Chelsea Harlan is a person who writes poems. Her work considers the bittersweet beauty of being alive.
She holds a BA in Literature and Visual Art from Bennington College, as well as an MFA in Poetry from Brooklyn College, where she was a Truman Capote Fellow and a Rose Goldstein Scholar, and where she has enjoyed teaching English and creative writing.
Her debut full-length collection, Bright Shade, was selected by Jericho Brown as the winner of the 2022 American Poetry Review / Honickman First Book Prize. Bright Shade is available for purchase from lots of places, best among them directly from APR or from your favorite local bookstore.
Some moons ago she received scholarship to attend the John Ashbery Home School, and she spent one rigorous summer studying landscape architecture at Columbia University. Her chapbook Mummy, written in collaboration with London-based painter Daisy Parris, was released by Montez Press in 2019, and her chapbook Country Music was released in 2021 from Two Plum Press. She received the 2021 Elizabeth Matchett Stover Award from Southwest Review for her poem “Romance Language,” the 2021 Robert Watson Literary Award from The Greensboro Review for her poem “Some Sunlight,” and the 2019-2020 Mikrokosmos Poetry Prize for her poem “Grimaldo’s Chair,” selected by sam sax. Twice named a finalist for Shenandoah’s Graybeal-Gowen Prize for Virginia Poets, her work has been nominated for the Best of the Net and the Weatherford Award (Berea College / Appalachian Studies Association), and she has received perennially generous non-monetary support from the Claytor Nature Center.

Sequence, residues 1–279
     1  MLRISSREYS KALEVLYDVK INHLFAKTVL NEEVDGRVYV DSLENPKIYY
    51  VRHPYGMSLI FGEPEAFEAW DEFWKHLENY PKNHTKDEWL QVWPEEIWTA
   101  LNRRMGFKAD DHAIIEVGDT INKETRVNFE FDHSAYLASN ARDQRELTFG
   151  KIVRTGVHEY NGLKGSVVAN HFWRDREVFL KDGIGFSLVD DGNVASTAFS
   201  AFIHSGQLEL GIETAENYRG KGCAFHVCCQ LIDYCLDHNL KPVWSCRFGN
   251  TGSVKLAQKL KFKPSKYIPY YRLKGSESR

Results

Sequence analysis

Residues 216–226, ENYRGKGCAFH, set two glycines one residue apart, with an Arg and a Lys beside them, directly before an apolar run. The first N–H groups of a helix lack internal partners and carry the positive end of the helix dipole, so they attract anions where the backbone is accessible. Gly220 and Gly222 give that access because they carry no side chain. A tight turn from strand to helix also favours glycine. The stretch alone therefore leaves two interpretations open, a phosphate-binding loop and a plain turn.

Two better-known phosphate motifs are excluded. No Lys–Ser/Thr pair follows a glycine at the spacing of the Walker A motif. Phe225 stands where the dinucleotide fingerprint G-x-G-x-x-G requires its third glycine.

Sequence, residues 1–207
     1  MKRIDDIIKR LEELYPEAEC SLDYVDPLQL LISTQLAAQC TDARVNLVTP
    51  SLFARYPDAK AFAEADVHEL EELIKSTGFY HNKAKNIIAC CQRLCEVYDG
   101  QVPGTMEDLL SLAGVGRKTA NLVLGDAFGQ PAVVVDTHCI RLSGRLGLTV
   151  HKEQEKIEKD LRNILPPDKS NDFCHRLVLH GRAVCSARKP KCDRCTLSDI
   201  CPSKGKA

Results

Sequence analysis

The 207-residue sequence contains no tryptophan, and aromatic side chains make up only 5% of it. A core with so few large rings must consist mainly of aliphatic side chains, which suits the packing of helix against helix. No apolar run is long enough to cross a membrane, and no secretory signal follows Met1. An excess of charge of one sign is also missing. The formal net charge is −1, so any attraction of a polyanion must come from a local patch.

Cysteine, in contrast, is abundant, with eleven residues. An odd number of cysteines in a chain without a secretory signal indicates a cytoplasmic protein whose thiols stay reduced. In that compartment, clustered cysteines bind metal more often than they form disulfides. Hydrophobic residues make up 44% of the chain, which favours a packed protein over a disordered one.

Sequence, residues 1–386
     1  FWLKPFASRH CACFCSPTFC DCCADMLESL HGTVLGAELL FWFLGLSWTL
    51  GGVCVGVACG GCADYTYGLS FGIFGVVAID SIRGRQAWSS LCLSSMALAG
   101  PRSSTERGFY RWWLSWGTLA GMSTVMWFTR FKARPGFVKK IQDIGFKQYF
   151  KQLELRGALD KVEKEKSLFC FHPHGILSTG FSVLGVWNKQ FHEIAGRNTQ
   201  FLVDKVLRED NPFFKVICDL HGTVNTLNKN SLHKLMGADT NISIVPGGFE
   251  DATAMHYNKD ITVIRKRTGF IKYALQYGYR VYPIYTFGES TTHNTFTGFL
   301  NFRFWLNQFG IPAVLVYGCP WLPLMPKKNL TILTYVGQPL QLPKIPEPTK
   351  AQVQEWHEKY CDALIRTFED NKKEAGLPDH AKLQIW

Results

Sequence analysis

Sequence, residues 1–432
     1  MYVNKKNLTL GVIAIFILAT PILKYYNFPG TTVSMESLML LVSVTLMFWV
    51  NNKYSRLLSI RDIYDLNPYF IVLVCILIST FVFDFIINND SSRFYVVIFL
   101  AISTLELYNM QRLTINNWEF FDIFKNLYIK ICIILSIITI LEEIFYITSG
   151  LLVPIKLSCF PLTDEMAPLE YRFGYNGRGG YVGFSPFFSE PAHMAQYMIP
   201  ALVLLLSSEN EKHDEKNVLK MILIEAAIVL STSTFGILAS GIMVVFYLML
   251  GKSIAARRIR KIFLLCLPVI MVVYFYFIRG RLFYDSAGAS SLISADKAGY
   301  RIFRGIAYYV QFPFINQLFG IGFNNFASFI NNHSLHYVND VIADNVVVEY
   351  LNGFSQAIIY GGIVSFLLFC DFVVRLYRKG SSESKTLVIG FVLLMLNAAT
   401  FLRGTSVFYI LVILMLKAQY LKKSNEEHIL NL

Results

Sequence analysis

She lives in rural Appalachian Virginia, where she was born and raised, and where she works at a small public library.
She serves as a poetry reader for Raleigh Review.
Selected by Jericho Brown as the winner of the 2022 American Poetry Review / Honickman First Book Prize, Bright Shade is an appreciation of the wild woods, the rolling hills, the Appalachian air, and the little rivers that were the setting of Chelsea Harlan’s upbringing. The poems speak through the liminal space between the body and its relationships to other bodies, and the human relationship with nature—and so climate change is, inevitably, part of this book’s undercurrent of grief. As the author navigates the high highs and the low lows of delight and despair, Bright Shade articulates the wonder that accompanies sadness and the sadness that accompanies joy. Chelsea Harlan’s work is as melancholic as it is humorous, indeed bittersweet, and a little bit strange in exactly the right way.